A call for policing and gun reform
Delta Sigma Theta Sorority, Inc., a 102-year-old service organization with a long history of social advocacy and political awareness and involvement, has expressed its intention to staunchly support the Department of Justice in its review of inequitable policing and gun reform policies. U.S. Attorney General Loretta Lynch gave remarks late last month during a White House Community Policing Forum regarding the DOJ’s action plan to resolve “long-simmering tensions” that have gravely affected the nation.
“Our Civil Rights Division is working with police departments around the country to ensure constitutional policing – in part by combating discrimination, ending excessive use of force and promoting accountability systems – in order to help rebuild community trust where it has eroded,” said AG Lynch during the forum. “And last September, we launched the National Initiative for Building Community Trust and Justice, which is investing in training; advancing evidence-based strategies; spurring policy development; and supporting research that promotes credibility, enhances procedural justice, reduces implicit bias and drives racial reconciliation.”
Delta Sigma Theta Sorority, Inc. is deeply saddened by the numerous known and unknown deaths of African-American men, women and children at the hands of gun violence and excessive force across the nation.
“As mothers, grandmothers, sisters, aunts, community leaders and social activists, it will take our collective strength to push for a movement that will create such a massive positive effect and save our communities and the lives of citizens in those communities,” said Dr. Paulette C. Walker, National President and CEO of Delta Sigma Theta Sorority, Inc. “We, as an organization, will always be in support of any governing body that recognizes a problem within law enforcement and makes such a declaration to resolve any and all civil rights and justice issues brought before them.”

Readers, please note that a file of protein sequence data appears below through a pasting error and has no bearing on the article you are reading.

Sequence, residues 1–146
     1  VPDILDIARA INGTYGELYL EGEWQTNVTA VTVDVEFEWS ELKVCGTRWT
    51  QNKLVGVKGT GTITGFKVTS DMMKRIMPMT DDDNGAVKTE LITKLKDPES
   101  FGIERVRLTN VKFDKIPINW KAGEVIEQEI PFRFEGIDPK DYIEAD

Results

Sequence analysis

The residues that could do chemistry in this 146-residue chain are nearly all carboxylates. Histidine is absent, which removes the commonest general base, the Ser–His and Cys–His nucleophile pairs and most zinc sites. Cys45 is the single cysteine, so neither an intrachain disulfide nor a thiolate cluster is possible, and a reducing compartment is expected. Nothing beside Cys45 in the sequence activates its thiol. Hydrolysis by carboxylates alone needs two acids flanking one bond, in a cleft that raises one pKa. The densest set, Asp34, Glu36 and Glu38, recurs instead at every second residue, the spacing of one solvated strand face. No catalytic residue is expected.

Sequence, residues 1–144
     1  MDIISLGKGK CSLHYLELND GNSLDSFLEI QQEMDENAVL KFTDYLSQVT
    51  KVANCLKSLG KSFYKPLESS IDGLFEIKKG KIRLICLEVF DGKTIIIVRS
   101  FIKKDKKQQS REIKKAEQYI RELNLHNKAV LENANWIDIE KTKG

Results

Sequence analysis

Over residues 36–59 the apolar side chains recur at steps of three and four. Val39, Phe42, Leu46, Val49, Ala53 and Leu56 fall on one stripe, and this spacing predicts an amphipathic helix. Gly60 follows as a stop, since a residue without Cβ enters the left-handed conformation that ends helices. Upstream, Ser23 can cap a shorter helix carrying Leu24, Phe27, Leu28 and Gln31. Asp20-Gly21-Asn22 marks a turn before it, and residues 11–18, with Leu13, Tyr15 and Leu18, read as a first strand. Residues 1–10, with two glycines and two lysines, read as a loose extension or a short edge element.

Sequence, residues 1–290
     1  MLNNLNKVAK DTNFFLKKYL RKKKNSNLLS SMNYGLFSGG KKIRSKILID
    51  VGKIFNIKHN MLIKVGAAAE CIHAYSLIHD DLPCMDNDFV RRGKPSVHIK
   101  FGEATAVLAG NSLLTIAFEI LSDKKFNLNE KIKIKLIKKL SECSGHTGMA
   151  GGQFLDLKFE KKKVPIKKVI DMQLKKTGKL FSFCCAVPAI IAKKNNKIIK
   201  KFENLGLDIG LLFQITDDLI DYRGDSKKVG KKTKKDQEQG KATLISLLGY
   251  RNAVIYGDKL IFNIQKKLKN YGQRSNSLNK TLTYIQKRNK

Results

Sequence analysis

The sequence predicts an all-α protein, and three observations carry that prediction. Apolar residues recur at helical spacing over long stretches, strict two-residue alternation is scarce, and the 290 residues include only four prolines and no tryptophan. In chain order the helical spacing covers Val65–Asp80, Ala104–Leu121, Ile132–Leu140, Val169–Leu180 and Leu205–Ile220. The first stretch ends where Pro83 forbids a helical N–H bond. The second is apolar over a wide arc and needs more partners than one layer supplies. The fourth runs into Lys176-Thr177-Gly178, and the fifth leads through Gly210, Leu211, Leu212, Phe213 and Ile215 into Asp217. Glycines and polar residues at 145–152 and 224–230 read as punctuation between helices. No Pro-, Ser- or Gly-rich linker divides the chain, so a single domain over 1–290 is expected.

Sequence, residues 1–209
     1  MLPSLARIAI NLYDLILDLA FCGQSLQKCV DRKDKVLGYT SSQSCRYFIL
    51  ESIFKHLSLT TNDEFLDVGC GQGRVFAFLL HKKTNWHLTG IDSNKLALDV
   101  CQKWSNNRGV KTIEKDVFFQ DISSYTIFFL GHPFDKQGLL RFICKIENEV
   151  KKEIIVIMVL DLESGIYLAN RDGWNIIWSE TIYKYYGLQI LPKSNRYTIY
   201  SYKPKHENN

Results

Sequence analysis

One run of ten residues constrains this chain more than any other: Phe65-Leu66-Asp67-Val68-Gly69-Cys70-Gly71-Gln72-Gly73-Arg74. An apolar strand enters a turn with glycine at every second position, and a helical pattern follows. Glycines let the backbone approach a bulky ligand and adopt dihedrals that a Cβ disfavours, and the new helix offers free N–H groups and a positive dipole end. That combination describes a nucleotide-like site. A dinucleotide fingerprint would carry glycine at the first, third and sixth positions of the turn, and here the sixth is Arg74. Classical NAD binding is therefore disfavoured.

It is the Sorority’s purpose to join other organizations and communities while standing with the DOJ as it thoroughly reviews all racial and equality issues while seeking reforms that will eliminate excessive behavior by law enforcement and other racial issues permeating the country. As the single largest African-American women’s organization in the country, Delta Sigma Theta Sorority, Inc. will continue to work vigorously to evoke change and contribute to strategy development that will bring forth greater social justice for all citizens.
Delta Sigma Theta Sorority, Inc. was founded in 1913 on the campus of Howard University to promote academic excellence; to provide scholarships; to provide support to the underserved; to educate and stimulate participation in the establishment of positive public policy; and to highlight issues and provide solutions for problems in communities. Today, Delta Sigma Theta Sorority has more than 250,000 initiated members and over 1,000 chapters worldwide. The Sorority uses its Five-Point Programmatic Thrust of economic development, educational development, international awareness and involvement, physical and mental health, and political awareness and involvement to create its national programs.